Sonal Mansingh's ouster

Published : Jul 01, 2005 00:00 IST

Sonal Mansingh. - V. SUDERSHAN

Sonal Mansingh. - V. SUDERSHAN

THE uncertainty that surrounded the Sangeet Natak Akademi, which witnessed much squabbling and acrimony, has been finally laid to rest with the removal of its Chairperson Sonal Mansingh. Her ouster was considered only a matter of time, but the appointment of a `politician' in her place has raised a few eyebrows.

Former Union Minister and veteran Congress leader Ram Niwas Mirdha will now be at the helm of affairs at the Akademi for the next five years.

Mirdha has handled diverse portfolios in the past and he is not entirely new to cultural administration. He was Chairman of the Lalit Kala Akademi and a member of the United Nations Educational, Scientific and Cultural Organisation's (UNESCO) executive board.

While Sonal Mansingh's sacking is part of the United Progressive Alliance's `desaffronisation' programme, the dancer herself was mired in controversy. There was a revolt against her in the Akademi. Twelve leading artists had resigned to protest against what they called her "autocratic" and "undemocratic" style of functioning. About 60 artists had also complained to President A.P.J. Abdul Kalam. Those who resigned included three of the five government nominees - Vice-Chairman Kavalam Narayana Panicker, M. Balamurali Krishna and Savitri Heisnam. Other personalities who were opposed to her are Raja Reddy, Radha Reddy, M.K. Raina, Nadira Babbar, G.S. Channy and Dolly Ahluwalia.

Union Culture Minister S. Jaipal Reddy had refused to accept these resignations and finally his Ministry decided to oust Sonal Mansingh instead.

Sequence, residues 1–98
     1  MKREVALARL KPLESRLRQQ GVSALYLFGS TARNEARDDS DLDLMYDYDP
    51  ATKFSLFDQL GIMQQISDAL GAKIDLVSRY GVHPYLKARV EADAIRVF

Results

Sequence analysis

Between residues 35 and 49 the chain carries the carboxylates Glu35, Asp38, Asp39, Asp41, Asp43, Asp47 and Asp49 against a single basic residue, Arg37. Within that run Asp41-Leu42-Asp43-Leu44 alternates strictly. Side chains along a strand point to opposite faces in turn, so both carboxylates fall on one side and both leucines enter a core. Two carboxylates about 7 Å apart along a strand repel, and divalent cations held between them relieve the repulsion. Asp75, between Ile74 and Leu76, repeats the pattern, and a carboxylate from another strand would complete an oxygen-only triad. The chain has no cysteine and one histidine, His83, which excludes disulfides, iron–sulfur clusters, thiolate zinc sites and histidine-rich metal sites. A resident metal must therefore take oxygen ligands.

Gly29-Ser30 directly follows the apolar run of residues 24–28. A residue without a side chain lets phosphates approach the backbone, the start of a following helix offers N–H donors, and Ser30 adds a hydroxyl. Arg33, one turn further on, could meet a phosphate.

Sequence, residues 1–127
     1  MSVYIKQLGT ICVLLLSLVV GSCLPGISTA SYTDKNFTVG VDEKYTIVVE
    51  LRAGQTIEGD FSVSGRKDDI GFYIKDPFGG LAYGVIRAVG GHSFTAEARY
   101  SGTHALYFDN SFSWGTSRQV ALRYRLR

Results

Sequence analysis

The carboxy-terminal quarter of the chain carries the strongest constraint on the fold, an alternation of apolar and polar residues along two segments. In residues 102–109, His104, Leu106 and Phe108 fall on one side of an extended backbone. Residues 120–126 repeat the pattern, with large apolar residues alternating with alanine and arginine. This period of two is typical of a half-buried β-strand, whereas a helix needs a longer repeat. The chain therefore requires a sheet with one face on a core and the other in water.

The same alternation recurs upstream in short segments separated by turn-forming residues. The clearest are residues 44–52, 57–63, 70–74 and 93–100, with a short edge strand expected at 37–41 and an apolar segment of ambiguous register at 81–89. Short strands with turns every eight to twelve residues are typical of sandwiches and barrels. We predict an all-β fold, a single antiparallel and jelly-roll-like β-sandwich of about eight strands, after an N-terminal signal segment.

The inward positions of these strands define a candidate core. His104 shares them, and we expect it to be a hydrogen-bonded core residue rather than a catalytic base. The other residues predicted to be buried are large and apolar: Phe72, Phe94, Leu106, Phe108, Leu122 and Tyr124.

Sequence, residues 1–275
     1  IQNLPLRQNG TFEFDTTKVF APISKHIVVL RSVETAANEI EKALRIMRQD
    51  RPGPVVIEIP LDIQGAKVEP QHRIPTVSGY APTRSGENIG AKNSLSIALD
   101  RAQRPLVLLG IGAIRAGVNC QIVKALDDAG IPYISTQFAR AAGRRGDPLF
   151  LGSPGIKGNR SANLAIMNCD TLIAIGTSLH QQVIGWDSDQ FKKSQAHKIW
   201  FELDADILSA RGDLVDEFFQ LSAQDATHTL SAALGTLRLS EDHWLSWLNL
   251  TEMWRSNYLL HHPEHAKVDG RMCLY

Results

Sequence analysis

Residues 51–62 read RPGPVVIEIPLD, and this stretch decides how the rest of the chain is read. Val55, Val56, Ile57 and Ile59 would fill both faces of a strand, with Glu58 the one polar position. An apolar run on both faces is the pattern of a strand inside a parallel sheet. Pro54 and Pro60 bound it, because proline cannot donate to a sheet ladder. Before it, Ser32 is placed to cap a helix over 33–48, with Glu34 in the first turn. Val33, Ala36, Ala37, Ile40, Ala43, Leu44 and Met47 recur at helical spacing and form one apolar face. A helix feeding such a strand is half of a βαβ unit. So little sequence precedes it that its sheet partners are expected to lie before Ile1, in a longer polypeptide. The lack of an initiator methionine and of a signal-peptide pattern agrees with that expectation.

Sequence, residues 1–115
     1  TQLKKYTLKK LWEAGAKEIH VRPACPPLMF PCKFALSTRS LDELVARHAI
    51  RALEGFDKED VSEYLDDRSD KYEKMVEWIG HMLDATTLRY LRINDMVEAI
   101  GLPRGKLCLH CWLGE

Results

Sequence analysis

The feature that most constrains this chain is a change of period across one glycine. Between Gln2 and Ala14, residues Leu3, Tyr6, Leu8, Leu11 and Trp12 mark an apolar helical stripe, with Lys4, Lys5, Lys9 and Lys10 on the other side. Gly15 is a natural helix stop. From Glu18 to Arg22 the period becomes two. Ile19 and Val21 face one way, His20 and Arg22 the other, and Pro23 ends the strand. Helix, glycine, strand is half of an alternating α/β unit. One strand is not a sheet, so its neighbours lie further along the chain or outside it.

Amongst other complaints - the list was six pages long - her detractors cited the ending of the golden jubilee programme a full 11 months ahead of schedule. Her appointment by the previous Bharatiya Janata Party-led government was also questioned.

There were also complaints about self-promotion. She had allegedly used official visits to further her own dancing career. She had allegedly produced a CD-Rom for the Akademi, which begins with her own speech and ends with excerpts from her dance recitals. The CD-Rom also included remarks by former Prime Minister Atal Bihari Vajpayee.

This is cited as further proof of her `saffron' affiliation, which was the prime reason for former Communist Party of India (Marxist) general secretary Harkishan Singh Surjeet's repeated demands for her removal. Mansingh had put herself in a difficult situation - she had indirectly campaigned for Vajpayee and Gujarat Chief Minister Narendra Modi signing some of the `India Shining' campaign advertisements.

In an earlier interview with Frontline (May 20, 2005), Mansingh denied having any political affiliations and denied campaigning for Modi. She explained away the members' protests as a result of "unfulfilled personal ambitions and gender bias" and financial irregularities.

She made some last-ditch efforts for a compromise by writing to her critics. In the letter, she mentioned that she believed in "consensus and transparency" and expressed "bewilderment'' since she had learnt of the en masse resignations only from the newspapers. However, it was all to no avail.

Immediately after her ouster, Sonal Mansingh left for Gujarat. She reportedly said that this was an expected move and that she hoped Mirdha would curb the "corruption" in the Akademi.

As a result of the brouhaha, the Culture Ministry has had to postpone the ceremony for the annual awards of the Sangeet Natak Akademi, which had been scheduled for May 13.

Annie Zaidi
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